The CQ Press Annual Safest/Most Dangerous Cities report is out, and Trenton has, at least on paper, seen some improvement. This story has been covered by the local newspapers, and my fellow bloggers have offered their thoughts about it too, so there's not much left to say. Except, to me, that report is irrelevant.
The numbers may show "improvement," but each of those numbers represents a horrible, life-altering event for real people, right here in our community. We can all chant "crime is down, crime is down" and come to believe it, just as the mystics chant "OM" and find inner peace, but violent crimes continue to happen all the time. Crime is Down, Crime is Down, but citizens are left to figure things out on their own based on the sounds of sirens and mothers wailing, and bits of crime scene tape left behind, outside their doors. Crime is Down, Crime is Down, but that doesn't bring back 84-year-old Jerry Eure, or 17-year-old MacKenzie Paul, two people whose lives were cut down too soon. Crime is down, crime is down, but two families in less than one week — the same week that report says Crime is Down in Trenton — have entirely new, gut-wrenching realities to accept. We have a problem with crime in Trenton.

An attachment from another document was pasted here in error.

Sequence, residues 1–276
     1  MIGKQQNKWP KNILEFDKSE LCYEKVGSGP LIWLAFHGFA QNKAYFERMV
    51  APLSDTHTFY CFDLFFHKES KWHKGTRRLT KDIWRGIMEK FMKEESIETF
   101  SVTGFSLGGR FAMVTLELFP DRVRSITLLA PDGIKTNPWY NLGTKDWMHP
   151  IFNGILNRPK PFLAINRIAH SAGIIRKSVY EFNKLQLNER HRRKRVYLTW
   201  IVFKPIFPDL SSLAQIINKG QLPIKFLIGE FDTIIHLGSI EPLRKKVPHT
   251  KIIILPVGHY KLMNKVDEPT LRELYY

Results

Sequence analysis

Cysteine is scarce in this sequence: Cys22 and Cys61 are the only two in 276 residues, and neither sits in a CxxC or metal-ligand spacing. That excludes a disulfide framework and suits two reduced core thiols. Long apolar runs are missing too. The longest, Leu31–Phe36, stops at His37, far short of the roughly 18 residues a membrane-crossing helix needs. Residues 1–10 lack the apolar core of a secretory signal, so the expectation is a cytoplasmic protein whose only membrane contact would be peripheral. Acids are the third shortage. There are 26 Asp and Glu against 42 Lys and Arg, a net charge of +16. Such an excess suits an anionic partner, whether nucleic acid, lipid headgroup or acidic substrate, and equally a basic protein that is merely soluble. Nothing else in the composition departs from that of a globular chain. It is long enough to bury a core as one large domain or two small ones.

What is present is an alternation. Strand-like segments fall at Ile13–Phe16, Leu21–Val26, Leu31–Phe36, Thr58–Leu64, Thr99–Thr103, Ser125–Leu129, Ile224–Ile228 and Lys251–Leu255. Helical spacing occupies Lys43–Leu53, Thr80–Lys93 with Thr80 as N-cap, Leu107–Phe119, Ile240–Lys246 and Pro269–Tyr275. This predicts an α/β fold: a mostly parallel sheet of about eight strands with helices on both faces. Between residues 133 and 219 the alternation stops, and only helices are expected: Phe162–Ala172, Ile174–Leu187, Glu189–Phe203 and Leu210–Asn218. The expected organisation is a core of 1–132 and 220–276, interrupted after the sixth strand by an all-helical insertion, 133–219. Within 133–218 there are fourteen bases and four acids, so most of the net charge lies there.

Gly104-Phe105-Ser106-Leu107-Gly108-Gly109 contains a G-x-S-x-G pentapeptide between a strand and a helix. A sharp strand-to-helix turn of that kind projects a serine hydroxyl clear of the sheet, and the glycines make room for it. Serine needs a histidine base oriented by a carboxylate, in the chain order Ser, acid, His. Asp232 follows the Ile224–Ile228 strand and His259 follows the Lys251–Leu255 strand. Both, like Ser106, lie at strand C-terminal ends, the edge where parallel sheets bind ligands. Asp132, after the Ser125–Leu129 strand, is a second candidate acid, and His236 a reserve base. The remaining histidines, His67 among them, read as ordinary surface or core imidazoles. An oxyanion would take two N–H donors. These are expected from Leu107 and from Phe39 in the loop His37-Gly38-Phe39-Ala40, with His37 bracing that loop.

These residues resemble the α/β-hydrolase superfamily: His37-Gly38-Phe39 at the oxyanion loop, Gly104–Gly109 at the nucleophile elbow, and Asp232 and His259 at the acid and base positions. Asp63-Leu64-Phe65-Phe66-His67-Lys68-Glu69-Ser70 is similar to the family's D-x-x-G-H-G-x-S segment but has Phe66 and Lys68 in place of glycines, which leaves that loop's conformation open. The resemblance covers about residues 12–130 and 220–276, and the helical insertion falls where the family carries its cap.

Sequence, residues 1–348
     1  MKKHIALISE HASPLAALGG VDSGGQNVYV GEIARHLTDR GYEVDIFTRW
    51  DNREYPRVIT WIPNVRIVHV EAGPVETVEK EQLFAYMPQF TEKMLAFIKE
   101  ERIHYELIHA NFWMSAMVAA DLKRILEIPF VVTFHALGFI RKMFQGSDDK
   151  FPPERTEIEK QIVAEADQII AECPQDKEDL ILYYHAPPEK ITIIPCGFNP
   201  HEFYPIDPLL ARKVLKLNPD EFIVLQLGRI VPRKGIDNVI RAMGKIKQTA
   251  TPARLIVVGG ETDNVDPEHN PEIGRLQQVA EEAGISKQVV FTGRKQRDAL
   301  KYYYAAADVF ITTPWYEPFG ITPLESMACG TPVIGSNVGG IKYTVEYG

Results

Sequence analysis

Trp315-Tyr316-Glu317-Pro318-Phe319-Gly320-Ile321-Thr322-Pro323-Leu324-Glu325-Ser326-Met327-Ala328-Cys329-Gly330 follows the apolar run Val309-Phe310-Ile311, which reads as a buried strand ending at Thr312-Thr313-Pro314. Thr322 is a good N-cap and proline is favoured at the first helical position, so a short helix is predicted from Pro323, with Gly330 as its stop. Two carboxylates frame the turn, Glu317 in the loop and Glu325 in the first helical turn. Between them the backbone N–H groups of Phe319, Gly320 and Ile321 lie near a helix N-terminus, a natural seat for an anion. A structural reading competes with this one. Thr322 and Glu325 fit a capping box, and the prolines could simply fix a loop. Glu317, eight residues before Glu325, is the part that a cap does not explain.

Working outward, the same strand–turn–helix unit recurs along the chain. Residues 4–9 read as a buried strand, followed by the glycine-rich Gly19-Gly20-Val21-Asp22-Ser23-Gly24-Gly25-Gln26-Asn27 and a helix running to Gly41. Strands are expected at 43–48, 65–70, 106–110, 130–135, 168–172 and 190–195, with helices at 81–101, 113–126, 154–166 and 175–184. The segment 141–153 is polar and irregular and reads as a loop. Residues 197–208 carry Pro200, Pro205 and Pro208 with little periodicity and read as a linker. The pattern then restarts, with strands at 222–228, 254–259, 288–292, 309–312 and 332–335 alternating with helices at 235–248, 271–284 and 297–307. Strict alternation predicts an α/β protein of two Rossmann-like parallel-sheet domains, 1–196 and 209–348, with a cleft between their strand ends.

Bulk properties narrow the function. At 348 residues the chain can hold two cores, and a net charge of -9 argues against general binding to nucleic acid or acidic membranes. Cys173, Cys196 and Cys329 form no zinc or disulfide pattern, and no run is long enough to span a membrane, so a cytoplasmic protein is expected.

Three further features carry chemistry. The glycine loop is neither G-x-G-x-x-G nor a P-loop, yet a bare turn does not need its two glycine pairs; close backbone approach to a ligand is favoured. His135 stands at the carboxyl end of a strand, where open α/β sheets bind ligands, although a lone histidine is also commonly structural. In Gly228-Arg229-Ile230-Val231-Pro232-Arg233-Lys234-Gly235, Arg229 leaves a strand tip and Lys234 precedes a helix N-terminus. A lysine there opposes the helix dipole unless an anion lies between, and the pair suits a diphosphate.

Enough of the chants, and the reports, and the statistics, positive or negative. Let's get more policemen and women on the streets, now. Let's keep the citizens of Trenton informed so we can do our part, too.
By the way, the official Trenton Police Department crime map has still not been updated on the city's website. Crime is Down, so no need to post it?